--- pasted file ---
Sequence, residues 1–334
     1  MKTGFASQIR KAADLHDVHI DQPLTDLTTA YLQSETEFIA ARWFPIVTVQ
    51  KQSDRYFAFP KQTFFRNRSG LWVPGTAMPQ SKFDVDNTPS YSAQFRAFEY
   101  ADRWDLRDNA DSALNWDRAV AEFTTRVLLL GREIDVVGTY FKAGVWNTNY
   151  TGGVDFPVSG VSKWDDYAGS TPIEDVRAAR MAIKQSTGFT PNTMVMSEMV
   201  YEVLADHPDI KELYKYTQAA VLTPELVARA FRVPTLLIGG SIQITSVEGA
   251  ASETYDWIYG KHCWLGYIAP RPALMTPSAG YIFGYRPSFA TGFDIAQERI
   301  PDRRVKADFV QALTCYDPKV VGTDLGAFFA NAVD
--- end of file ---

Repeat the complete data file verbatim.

Sequence, residues 1–334
     1  MKTGFASQIR KAADLHDVHI DQPLTDLTTA YLQSETEFIA ARWFPIVTVQ
    51  KQSDRYFAFP KQTFFRNRSG LWVPGTAMPQ SKFDVDNTPS YSAQFRAFEY
   101  ADRWDLRDNA DSALNWDRAV AEFTTRVLLL GREIDVVGTY FKAGVWNTNY
   151  TGGVDFPVSG VSKWDDYAGS TPIEDVRAAR MAIKQSTGFT PNTMVMSEMV
   201  YEVLADHPDI KELYKYTQAA VLTPELVARA FRVPTLLIGG SIQITSVEGA
   251  ASETYDWIYG KHCWLGYIAP RPALMTPSAG YIFGYRPSFA TGFDIAQERI
   301  PDRRVKADFV QALTCYDPKV VGTDLGAFFA NAVD